The purpose of the confessions was to declare separation or defend their faith from the Roman Catholics, the Church of England, and other Protestants. This was similar to the purpose of the creeds, they function as a fence to defend the sheep from outside threats, and to guide them to not be led astray. This is the reason why these are important.
- Build Up and Keep (or Guard) In (Attack Mode)
Now for the attack mode, after Jude warning the early church about the false teachers, in the last verses of our passage, it calls us to “build up…and keep in” the church. This guarding is more in an attack mode than being on the defense. This is the antidote to the false teachers. Indeed, as said, the way to reduce the effect of those who try to corrupt, divide, and destroy the church is to live proactively as a follower of Christ (cf. “contend for the faith,” v. 3).
First, prayers. Praying in harmony with the leading of the Holy Spirit, rather than according to one’s own agenda. Second, exemplify Love, Mercy, and Hope. Christians keep themselves in God’s love by growing strong doctrinally, persevering in prayer, and “waiting” for the Lord’s coming. Third, proclaiming the gospel to save others. In Greek, “Sozo” means to lead them to faith in Christ. We cannot save a person, but we can lead them to Christ to be saved. Finally, mortifying sin. We need to daily overcome our sins and put them to death.
In conclusion, let us contend for the faith that was passed on to us. We, UCBC, carry the gospel of Christ that was from the Apostles, who were willing to die to defend the faith by faithfully living in Christ by the Spirit for the glory of the Father. We, by God’s grace, keep ourselves away from any act or deed that is divisive, unbiblical, and ungodly. And by the sanctified wisdom given to each and every one, our leaders, our pastor, and mentors, through the perspective of the Theological Triage, in Biblical lens, and Christ-centered approach, may we always be sensitive with the leading of the Spirit, His illumination of the Word in our heart and mind, and humble ourselves in reverence to God, our Father.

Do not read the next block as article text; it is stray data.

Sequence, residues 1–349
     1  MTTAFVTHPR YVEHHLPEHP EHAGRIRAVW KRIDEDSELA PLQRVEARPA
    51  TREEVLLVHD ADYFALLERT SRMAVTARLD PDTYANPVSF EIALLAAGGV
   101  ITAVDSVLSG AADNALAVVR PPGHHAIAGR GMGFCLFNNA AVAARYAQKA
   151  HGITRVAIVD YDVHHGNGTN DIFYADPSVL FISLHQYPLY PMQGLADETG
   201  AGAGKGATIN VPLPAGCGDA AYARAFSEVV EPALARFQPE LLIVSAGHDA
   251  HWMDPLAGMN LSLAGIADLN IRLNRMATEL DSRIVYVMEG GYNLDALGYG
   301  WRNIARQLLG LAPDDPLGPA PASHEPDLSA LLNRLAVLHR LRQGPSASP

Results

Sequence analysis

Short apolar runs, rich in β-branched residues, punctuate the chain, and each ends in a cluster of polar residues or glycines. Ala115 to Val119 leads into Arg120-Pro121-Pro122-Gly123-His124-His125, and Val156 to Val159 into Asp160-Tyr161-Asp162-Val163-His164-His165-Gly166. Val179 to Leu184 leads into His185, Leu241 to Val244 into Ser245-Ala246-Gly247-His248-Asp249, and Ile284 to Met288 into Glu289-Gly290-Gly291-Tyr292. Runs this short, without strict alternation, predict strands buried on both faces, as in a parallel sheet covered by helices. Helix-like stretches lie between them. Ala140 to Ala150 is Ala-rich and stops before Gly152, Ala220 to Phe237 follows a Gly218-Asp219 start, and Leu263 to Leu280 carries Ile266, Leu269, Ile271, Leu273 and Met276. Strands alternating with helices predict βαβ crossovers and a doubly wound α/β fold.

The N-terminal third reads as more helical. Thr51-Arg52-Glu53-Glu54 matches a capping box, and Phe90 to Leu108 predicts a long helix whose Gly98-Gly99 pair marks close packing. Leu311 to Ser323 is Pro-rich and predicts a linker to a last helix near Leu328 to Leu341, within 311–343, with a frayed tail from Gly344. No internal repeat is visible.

Ptr. John Paul Arceno
March 14, 2021
*This section is an excerpt only; download the full manuscript above.
Albert Mohler, “A Call for Theological Triage and Christian Maturity,” Albert Mohler, July 12, 2005, https://albertmohler.com/2005/07/12/a-call-for-theological-triage-and-christian-maturity
Gavin Ortlund, Finding the Right Hills to Die On: The Case for Theological Triage (Wheaton, IL: Crossway/TGC, 2020).
Rhyne Putman, When Doctrine Divides the People of God: An Evangelical Approach to Theological Diversity (Wheaton, IL: Crossway, 2020)
Trevin Wax, “Theological Triage in the 21st Century,” The Gospel Coalition, June 25, 2020, https://www.thegospelcoalition.org/blogs/trevin-wax/theological-triage-in-the-21st-century/